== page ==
Disney Creates Skinless Robot That Can ‘Blink and Breathe’

Science & Tech |

Technology tends to wow us every time we see the latest innovation and improvement. Sometimes, though, the innovations can become a little chilling. Worrying, even. Still, you cannot help but marvel at the works and innovations being crated on a regular basis by science experts worldwide. One of the latest robotics progressions, we’ve seen, though, actually comes from Disney.

They have produced a ‘skinless robot’ that has many realistic and authentic movements. Indeed, it is even reported to be capable of breathing and blinking. This is the kind of real-life robotics that have been part of sci-fi for years. To see the kind of human-like developments that are possible now, it really is incredible to think how far along this technology has come.

Indeed, the skinless humanoids have been shown with a pair of moving eyes, eyelids, and even the chance to make a far more lifelike gaze than any robot we’ve ever seen before. It is crated to help create “life-like behaviors”, apparently, and shows the kind of immense progress that has taken place in the industry.

The robot has been part of a long development cycle from the Disney research division known as Walt Disney Imagineering. The work has been in development with help from the robotics research team at the University of Illinois, Urbana-champaign and the California Institute of Technology.

Together, they have created something that is truly impressive.

As part of an expansive new paper on the development, The Disney Research team has put a clear view of the plan and purpose of this project, saying:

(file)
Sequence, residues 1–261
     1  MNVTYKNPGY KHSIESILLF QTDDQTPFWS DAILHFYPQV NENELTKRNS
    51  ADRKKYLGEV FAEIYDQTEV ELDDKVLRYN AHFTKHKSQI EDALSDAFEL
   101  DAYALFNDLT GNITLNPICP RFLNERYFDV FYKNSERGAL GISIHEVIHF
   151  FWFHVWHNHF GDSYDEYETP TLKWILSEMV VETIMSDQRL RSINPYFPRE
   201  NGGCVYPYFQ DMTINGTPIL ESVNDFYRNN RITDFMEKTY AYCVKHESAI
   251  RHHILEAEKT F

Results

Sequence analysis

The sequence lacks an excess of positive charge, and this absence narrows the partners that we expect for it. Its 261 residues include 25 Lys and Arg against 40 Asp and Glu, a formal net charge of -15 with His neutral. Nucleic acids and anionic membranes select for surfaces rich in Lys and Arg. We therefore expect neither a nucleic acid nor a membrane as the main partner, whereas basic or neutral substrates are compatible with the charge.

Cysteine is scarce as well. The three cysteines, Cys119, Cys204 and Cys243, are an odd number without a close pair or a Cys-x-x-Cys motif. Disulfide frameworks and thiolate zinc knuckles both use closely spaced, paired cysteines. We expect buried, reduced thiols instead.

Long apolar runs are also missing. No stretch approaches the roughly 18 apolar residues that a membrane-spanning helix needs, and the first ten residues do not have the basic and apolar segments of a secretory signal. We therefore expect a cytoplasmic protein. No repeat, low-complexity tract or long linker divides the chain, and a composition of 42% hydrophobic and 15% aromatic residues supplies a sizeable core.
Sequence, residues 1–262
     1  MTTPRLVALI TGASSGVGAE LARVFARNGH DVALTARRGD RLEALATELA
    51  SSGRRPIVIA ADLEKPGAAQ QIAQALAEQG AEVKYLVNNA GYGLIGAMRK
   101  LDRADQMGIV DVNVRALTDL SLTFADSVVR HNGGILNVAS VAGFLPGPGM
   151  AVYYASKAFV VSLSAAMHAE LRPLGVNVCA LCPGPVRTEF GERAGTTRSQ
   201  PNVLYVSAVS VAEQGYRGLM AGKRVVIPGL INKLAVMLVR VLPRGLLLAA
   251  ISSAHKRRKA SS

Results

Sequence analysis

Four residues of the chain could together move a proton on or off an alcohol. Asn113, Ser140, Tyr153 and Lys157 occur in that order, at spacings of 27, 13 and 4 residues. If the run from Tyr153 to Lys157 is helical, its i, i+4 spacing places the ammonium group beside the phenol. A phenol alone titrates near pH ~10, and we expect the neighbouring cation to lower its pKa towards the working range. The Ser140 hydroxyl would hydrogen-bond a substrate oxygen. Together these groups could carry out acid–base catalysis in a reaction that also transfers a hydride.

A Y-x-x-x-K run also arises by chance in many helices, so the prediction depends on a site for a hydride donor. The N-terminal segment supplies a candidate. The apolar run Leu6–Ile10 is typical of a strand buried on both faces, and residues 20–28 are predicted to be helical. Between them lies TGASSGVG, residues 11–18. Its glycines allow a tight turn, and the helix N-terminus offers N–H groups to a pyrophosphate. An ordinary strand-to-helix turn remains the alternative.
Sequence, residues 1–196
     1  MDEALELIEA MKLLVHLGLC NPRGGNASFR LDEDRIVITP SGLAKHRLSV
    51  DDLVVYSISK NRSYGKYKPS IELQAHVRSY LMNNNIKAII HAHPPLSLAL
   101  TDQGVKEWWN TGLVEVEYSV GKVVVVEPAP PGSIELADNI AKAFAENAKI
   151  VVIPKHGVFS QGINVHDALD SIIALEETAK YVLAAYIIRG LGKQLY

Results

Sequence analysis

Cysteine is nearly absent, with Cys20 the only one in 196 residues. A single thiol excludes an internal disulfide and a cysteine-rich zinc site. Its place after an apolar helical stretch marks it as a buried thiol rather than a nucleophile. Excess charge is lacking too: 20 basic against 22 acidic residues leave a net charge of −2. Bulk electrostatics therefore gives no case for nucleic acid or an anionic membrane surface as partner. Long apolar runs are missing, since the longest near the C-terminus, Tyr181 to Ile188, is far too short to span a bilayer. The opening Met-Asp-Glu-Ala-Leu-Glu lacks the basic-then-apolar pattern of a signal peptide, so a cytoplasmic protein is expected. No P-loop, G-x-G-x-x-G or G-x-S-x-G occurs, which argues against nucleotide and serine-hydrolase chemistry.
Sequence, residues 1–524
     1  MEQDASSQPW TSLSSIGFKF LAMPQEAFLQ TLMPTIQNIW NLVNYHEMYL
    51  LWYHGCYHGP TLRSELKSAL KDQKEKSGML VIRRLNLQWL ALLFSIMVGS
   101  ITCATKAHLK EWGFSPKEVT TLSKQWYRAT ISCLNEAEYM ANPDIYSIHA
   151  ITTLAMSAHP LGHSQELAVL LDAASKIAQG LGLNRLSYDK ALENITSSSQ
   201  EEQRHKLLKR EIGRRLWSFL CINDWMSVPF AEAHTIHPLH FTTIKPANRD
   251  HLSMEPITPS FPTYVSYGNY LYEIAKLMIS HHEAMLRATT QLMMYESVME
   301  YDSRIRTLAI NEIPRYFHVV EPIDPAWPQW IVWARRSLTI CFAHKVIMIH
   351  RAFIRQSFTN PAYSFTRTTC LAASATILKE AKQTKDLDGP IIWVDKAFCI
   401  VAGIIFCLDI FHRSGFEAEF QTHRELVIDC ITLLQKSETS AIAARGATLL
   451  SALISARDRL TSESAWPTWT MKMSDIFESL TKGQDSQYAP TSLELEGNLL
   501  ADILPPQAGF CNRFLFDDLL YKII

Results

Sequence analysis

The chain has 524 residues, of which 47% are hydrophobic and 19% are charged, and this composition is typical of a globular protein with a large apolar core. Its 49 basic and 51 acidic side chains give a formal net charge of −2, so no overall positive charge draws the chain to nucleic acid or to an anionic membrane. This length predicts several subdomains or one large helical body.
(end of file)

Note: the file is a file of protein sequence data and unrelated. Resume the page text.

“Gaze has been shown to be a key social signal, shaping perceptions of interaction partners. For example, people who make more eye contact with us are perceived to be similar to us, as well as more intelligent, conscientious, sincere, and trustworthy. Furthermore, gaze appears to also convey complex social and emotional states.

“Given the importance of gaze in social interactions as well as its ability to communicate states and shape perceptions, it is apparent that gaze can function as a significant tool for an interactive robot character. Thus, the aim of this work is to develop a system to emulate human-like mutual gaze.”

Indeed, as part of a wide-reaching study, which you can read here, they say that:

“The attention engine generates a ‘curiosity score’ assigned to that person indicating their salience/significance as well as how important it is for the robot character to respond to them.”

This kind of movement is achieved by using a program which helps to take the 3D positioning of the people who it picks up within its camera. This then allows for the robot to identify which reactions are being taken to the robot, helping it to provide a more authentic response.

“The way in which curiosity is calculated in our current system is fairly simplistic, being based upon locations and velocities of the hands and nose.

“This selection of features was loosely informed by the way people attempt to gain attention from another person - e.g., moving closer/quickly to the person and waving their hands.”

The aim, then, is simple – to help create a robot that can create authentic interactions and developments. As explained in the study, this leads to better interactions:

“This architecture is highly extensible and can be used to create increasingly complex animatronic gaze behaviors as well as other interactive shows. We see this work as an attempt to ascend from the uncanny valley through layering of interactive kinematic behaviors and sensorimotor responsiveness.”

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Sabrina Gonzalez

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